I think in some places it’s still difficult because of the culture. They don’t think it’s difficult, but it is difficult.
Boyd: How did you see the European Union develop over the course of your life and your career?
Goudie: I loved it. I loved the Cohesion Fund9, which was helping Spain, Portugal, Ireland and Greece, and it’s also helped the new members of the European Union. I thought the Cohesion Fund was really key [in how they improved] roads and other infrastructure, such as sewerage, so people could have inside toilets. And how it also helped to bring jobs to these countries, and training. And how the freedom of movement of people was really important. We saw people from Poland, German, Lithuania moving to do jobs that people didn’t want to do in other countries, or vice versa.
Well, we know that the greatest engineers for the railways come from Germany and Austria. The greatest plumbers come from Lithuania. The greatest bricklayers now come from Germany, no longer from Ireland. So, it’s a whole change of culture. And that’s what freedom of movement brings. I think at the end of the day this government will have to go back to freedom of movement, because some of those jobs nobody else is going to be doing. We’re not going to have a training programme for them, so they’re kidding themselves. They closed down the last bricklaying college a couple of years ago. I can’t say for sure it’s the last one, but there was this great bricklaying college in Scotland, which taught people to brick lay, but that’s not there anymore.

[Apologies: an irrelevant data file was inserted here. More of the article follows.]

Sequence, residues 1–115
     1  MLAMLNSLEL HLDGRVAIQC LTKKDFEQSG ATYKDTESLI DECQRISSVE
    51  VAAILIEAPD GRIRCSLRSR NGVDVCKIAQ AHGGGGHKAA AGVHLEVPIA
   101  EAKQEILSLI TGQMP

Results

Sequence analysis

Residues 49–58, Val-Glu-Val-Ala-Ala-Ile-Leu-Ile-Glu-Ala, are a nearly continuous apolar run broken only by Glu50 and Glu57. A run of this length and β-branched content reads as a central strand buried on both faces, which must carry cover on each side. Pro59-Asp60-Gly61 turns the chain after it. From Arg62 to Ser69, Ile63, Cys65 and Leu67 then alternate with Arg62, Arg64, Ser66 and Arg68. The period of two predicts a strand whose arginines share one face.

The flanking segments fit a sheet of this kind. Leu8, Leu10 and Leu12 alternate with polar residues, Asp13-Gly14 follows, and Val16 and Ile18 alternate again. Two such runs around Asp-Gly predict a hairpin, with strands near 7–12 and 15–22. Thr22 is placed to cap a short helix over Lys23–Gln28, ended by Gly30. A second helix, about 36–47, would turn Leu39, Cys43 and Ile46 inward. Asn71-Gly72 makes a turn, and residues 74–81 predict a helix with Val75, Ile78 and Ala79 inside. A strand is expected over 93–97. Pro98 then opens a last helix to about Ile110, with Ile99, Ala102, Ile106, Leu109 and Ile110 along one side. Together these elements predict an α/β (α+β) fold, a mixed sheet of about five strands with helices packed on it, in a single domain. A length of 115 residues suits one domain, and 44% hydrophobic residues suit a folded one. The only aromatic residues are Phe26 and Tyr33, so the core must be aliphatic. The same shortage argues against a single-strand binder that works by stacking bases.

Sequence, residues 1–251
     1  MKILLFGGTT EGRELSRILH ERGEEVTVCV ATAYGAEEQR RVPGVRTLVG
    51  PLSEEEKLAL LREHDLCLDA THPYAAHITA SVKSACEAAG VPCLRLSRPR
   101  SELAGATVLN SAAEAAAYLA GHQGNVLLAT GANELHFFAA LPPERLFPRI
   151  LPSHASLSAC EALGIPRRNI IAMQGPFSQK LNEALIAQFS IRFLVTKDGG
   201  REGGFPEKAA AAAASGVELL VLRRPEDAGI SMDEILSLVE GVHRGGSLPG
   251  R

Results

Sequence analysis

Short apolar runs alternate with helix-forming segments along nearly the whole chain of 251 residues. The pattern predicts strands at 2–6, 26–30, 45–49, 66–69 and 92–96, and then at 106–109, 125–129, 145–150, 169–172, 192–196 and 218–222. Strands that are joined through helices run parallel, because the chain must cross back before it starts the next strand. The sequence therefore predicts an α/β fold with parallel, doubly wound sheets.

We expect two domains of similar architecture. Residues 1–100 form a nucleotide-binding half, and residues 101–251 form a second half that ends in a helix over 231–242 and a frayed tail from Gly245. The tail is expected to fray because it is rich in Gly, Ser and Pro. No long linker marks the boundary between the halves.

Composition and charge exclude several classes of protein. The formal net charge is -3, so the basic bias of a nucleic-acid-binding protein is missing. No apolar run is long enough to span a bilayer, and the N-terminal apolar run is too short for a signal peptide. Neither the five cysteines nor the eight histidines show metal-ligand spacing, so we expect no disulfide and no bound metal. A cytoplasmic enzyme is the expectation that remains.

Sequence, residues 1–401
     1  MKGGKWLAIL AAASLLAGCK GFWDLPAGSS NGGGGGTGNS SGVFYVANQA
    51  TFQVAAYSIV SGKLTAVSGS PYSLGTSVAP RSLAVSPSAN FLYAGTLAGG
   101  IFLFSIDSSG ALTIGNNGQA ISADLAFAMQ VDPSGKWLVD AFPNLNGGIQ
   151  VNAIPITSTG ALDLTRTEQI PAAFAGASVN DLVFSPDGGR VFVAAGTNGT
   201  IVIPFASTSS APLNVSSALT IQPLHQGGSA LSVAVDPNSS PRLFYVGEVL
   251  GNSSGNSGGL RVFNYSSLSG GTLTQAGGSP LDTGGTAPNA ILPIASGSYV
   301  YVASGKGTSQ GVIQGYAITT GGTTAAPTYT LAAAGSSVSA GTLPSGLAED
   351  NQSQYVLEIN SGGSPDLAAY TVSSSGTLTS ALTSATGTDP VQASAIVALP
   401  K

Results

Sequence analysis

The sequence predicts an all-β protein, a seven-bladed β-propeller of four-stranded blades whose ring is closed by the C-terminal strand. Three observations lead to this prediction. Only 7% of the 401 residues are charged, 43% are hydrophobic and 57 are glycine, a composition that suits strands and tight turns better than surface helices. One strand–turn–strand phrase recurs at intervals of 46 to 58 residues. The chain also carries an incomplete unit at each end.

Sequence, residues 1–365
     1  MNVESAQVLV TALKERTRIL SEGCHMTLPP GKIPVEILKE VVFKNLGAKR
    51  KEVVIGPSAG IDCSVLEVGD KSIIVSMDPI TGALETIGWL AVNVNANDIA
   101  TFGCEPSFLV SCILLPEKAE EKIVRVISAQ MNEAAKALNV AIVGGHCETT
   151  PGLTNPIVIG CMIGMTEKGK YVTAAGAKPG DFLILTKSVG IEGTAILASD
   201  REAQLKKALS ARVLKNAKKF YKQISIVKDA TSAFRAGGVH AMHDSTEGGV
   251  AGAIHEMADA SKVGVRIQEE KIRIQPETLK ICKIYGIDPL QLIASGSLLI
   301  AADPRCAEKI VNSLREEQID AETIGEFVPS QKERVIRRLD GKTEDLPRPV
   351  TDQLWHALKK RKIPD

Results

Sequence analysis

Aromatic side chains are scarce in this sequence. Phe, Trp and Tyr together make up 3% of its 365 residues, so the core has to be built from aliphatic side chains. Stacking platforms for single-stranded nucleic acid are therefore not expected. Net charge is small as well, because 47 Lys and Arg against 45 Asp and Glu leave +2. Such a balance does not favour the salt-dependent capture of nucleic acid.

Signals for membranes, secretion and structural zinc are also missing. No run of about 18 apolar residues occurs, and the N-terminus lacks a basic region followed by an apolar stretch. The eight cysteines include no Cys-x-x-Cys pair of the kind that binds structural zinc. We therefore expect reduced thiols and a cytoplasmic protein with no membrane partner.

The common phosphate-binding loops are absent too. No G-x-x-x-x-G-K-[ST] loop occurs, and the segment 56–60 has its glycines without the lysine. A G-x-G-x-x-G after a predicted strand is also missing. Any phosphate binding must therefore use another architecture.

Boyd: Those skills are disappearing.
Goudie: The skills are disappearing and we’re not teaching the skills either.
Boyd: When were you proud of Europe? And has there been a time when you’ve felt ashamed for Europe?
Goudie: I’ve never felt ashamed of Europe. The only time where I’ve felt down and ashamed was when we lost the referendum, because I feel like we don’t want to be an Isle of Wight [i.e. island as a metaphor for isolation]. That’s what we could become if we’re not careful. Have these people thought about where they’re going to get their fancy Italian food and all the rest of it. Or more importantly, engineers, plumbers, people who build our infrastructure. At the moment, we have trouble about [people] picking fruit.
Boyd: Has there been a particular moment where you’ve felt very proud to be European?
Goudie: I’ve always felt proud to be European. Always. From the time when we joined Europe.
Boyd: And what do you think has inspired that feeling?
Goudie: Because I like people to be together. I don’t want to be an island. I like people. Globally. I suppose it’s [about] being cosmopolitan if you use the old fashioned word. I think it’s about being part of NATO, being part of Europe, being part of the G7, the G20, the World Bank, all of these global things, where Britain was a leader, and should continue, goodness knows how, to be a leader.
Boyd: What are your hopes and expectations for Europe’s future?
Goudie: I hope that it continues in the strengths that it has. I hope that one day Britain becomes part of the European Union [again]. That’s going to be a long time. But also that in part of the agreement with Europe, that we can still have access to the Erasmus programme, the space programme and freedom of movement.
Boyd: What impacts does your generation have on future generations?